Employment income: general: payments for “image rights”: Sports Club: issues
Charge to tax as employment income
Evelyn and Jocelyn (the players) each entered into service agreements (the players’ agreements) with Sports Club. It was common ground that the salaries paid under the players’ agreements were earnings from that employment. Sports Club also entered into agreements with both IRC under which the IRC agreed to supply to Sports Club certain promotional services of the players in return for fees paid by Sports Club to the IRC.
The issues considered by the Special Commissioners (relevant to this guidance) included:
- whether the payments made by Sports Club to the IRC under the promotional agreements were earnings from the employments of Evelyn and Jocelyn respectively and so chargeable to income tax as employment income; or
- if the payments were not earnings from the employment, whether they were benefits in kind and so fell to be treated as earnings from the employment.
With regard to issue 1, the Special Commissioners identified the following questions.
a. Did the promotional agreements have independent values?
b. Were the promotional agreements a “smokescreen” for additional remuneration?
c. Were the payments under the agreements emoluments from the employments?
On the basis of the evidence presented to them, including from a number of witnesses, the Special Commissioners found as fact that Sports Club did not recoup from the exploitation of the players’ images the moneys which it paid under the promotional agreements. However, they found that when Sports Club entered into the promotional agreements they expected to exploit those rights and to make money from them. The Special Commissioners also found that Sports Club obtained the negative value of the agreements of being able to control the activities of the players restricting time spent away from their sporting activity.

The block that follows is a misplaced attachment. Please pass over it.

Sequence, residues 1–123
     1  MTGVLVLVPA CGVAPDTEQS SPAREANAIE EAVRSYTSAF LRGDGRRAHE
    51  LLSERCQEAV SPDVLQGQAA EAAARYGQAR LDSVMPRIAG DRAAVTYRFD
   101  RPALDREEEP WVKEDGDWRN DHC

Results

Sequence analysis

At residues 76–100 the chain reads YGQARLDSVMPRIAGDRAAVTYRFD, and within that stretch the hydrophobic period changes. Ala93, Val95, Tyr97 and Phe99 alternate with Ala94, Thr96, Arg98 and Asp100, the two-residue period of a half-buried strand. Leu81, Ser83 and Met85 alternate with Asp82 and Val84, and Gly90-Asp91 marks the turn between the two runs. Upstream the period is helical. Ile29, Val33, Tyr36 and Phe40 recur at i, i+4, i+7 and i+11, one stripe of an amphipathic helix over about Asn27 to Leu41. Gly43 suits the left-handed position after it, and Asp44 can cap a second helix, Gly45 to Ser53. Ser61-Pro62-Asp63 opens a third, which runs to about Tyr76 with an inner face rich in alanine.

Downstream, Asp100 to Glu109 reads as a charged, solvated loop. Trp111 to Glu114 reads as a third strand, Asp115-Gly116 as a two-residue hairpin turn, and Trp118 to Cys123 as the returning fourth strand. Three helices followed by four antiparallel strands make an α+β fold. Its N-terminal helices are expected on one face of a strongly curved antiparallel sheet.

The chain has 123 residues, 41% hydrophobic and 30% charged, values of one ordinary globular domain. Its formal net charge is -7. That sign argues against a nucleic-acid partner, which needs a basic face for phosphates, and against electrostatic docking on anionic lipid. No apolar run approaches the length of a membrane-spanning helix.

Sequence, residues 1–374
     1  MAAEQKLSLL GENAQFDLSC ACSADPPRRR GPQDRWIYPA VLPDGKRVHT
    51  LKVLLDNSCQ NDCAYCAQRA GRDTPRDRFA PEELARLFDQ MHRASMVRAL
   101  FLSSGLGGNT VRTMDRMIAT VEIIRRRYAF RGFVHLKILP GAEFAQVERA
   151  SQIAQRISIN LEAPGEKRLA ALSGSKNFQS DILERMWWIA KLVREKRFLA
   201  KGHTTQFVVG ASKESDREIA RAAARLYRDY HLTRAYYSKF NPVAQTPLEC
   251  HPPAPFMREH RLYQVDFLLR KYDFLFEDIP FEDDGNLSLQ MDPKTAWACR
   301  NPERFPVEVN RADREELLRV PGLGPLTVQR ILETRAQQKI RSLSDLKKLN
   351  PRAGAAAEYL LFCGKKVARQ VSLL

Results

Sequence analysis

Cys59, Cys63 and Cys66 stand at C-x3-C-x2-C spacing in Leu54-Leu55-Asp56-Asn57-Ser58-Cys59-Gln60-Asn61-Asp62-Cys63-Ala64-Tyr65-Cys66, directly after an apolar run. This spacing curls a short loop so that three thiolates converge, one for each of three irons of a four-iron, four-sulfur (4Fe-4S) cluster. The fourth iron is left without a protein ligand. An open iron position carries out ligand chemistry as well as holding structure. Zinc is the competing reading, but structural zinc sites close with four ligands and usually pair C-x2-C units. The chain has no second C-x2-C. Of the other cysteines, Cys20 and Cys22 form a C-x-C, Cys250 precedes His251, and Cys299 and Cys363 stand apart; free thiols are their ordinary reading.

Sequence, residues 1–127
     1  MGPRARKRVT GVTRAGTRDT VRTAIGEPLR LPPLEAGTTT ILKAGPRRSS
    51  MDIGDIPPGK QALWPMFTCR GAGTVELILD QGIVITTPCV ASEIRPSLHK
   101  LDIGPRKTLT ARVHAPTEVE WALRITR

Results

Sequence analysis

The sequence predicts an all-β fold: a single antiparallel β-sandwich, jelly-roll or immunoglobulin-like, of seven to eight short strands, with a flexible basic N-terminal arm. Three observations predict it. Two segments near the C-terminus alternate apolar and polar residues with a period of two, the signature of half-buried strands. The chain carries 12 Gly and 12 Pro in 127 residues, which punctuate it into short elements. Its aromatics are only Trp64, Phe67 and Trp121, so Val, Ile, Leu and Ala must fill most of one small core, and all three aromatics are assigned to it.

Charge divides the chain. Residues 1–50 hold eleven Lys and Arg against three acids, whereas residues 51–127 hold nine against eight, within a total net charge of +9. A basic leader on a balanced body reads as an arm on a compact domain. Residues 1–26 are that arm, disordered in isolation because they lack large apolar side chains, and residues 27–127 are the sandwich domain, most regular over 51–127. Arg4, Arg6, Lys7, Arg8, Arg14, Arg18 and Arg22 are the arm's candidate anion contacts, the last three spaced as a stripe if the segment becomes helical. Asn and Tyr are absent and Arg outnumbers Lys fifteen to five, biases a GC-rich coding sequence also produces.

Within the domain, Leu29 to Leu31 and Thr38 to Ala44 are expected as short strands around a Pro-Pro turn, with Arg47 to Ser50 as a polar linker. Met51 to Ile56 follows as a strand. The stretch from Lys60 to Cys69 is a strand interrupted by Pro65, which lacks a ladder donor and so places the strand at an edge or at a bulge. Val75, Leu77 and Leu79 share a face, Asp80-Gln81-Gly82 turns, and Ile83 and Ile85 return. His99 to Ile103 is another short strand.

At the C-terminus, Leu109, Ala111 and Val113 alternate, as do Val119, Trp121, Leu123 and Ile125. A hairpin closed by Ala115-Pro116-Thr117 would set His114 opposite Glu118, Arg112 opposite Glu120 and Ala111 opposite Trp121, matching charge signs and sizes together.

On issue 1, the Special Commissioners concluded that Evelyn and Jocelyn were “established stars” and therefore capable of earning very substantial sums each year from commercial contracts. Critically, the promotional agreements were agreements to provide promotional services, capable of having (and did have) independent values. They were genuine commercial agreements which the parties could seek to enforce. Consequently, in the light of the particular facts of the appeal, the payments made by Sports Club under the promotional agreements were not earnings from the employment with Sports Club of Evelyn or Jocelyn.
On issue 2, the Special Commissioners held that “benefit” (within the meaning of the relevant legislation) must exclude anything provided in return for good consideration under a separate commercial contract. Consequently, the payments under the promotional agreements were not benefits in kind within the meaning of the legislation and so should not be treated as earnings of the employment of Evelyn or Jocelyn.